AR in an app should be a layer of added value that reduces the time needed to complete simple tasks. Keep in mind that with each product people are seeking out experiences, not technologies, and they won’t like a technology that isn’t friendly to use. Thus, when designing your AR solution I recommend the following approach:
This information will help you conduct a task analysis. The analysis will help you make things more natural for the users. Consider the Google Translate app in the example below. The app uses the phone’s built-in camera to translates the captured text into another language. This example perfectly illustrates the value that AR technology can provide.
AR experiences should be designed to require as little physical input from users as possible. When users are looking through the device screen at an augmented picture, it’s going to be hard for them to input data at the same time.
To develop a good AR application you will need to shift your mindset towards a “first-person design.” This means shifting your attention from plain technical development to a more philosophical style. The kind of software we are talking about is the first and only in its kind to be built in the first-person media format. All other types of media, such as books, movies, etc., give us a third-person experience where we remain passive while a creator controls our experience.
This is completely opposite to what virtual reality is all about. Therefore, a new media format requires a completely new approach to development and design. So, “first-person design” means creating an immersive experience that is non-narrative and non-linear. Of course, this is something completely new to most of us. In addition, such tactics force us, as developers, to give away a large share of the control; however, the reward is totally worth it. You get a chance to immerse a person into a digital and yet “real” new world, where this person is free to create their own experiences without any narratives.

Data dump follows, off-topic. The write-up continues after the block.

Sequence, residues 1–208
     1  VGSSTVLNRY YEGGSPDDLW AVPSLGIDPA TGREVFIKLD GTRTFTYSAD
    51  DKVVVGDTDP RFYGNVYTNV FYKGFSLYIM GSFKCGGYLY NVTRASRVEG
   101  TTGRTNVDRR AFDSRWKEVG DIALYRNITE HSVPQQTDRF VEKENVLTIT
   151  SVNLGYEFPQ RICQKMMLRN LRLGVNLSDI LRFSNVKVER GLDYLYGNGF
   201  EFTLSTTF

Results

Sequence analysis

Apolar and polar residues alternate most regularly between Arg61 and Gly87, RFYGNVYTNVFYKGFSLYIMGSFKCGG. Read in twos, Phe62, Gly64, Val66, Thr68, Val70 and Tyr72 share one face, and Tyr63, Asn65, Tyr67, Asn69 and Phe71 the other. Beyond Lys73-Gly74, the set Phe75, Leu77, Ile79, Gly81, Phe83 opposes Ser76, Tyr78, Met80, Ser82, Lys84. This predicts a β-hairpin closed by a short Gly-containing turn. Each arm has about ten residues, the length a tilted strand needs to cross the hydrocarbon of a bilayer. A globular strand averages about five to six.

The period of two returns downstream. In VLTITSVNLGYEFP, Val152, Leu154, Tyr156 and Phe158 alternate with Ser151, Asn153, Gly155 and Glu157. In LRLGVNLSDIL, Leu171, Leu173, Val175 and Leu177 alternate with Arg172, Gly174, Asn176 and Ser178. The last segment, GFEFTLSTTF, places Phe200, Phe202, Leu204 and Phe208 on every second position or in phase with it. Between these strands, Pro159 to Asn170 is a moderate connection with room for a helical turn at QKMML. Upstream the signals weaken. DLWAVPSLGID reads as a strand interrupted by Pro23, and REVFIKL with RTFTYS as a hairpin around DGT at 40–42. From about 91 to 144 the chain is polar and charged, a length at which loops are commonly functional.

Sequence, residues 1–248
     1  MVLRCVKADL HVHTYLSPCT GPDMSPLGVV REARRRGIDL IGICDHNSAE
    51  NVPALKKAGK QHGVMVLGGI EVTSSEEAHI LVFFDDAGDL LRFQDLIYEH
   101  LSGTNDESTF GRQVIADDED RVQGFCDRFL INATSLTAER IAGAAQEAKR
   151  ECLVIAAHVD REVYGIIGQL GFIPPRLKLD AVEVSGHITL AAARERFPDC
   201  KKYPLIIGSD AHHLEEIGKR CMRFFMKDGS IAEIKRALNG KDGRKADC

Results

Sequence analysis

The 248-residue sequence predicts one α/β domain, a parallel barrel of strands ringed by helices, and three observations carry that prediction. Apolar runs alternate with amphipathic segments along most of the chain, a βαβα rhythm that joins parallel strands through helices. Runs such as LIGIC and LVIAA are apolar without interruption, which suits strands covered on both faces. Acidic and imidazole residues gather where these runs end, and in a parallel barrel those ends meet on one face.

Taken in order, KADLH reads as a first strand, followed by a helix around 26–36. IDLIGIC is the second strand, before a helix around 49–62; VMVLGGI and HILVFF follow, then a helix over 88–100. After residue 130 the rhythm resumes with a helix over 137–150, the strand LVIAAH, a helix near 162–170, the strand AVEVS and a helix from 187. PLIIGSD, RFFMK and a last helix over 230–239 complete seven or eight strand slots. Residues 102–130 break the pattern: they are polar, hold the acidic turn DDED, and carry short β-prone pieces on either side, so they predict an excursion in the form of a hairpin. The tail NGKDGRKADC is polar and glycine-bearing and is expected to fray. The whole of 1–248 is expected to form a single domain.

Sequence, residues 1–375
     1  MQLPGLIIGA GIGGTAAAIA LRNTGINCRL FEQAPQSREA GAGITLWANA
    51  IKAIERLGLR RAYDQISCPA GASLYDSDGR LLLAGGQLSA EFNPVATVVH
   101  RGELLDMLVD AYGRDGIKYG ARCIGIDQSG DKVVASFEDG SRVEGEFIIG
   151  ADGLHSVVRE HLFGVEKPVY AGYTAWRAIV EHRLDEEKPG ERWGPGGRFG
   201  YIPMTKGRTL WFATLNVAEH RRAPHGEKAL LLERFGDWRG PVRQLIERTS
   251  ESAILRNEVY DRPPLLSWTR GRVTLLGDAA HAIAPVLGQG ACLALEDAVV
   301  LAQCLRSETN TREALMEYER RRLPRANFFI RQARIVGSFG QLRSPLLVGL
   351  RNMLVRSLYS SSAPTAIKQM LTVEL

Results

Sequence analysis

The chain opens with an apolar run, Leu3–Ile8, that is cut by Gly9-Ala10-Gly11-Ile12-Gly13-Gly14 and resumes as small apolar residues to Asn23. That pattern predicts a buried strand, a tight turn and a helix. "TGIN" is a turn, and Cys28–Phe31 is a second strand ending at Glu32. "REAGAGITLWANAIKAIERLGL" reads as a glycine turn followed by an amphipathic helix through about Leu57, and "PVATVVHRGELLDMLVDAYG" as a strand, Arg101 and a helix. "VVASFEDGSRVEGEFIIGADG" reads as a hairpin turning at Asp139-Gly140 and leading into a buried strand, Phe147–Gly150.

The true priority here is to develop an environment that can fully support the illusion/storyline you want to show. Storytelling should go hand-in-hand with technology. Using familiar elements, taking into consideration pre-existing behaviors, imitating familiar sounds, giving the right proportions (not too much or too little space), and pre-determining possible choices and behavioral patterns of your audience are all crucial for an immersive environment.
For now, such immersive experiences as Augmented Reality are still considered unchartered waters. This is the newest technology in the industry and, for what it’s worth, the farthest from traditional software. In terms of development, there are not so many queries about settings, content libraries, navigation, etc.; however, what brings confusion into this brand new world is designing and creating this unique and very free-flow atmosphere. Once there is a clear understanding between coding and designing, virtual reality technologies will take a new pace in the market. So far, this world is still open for experiments.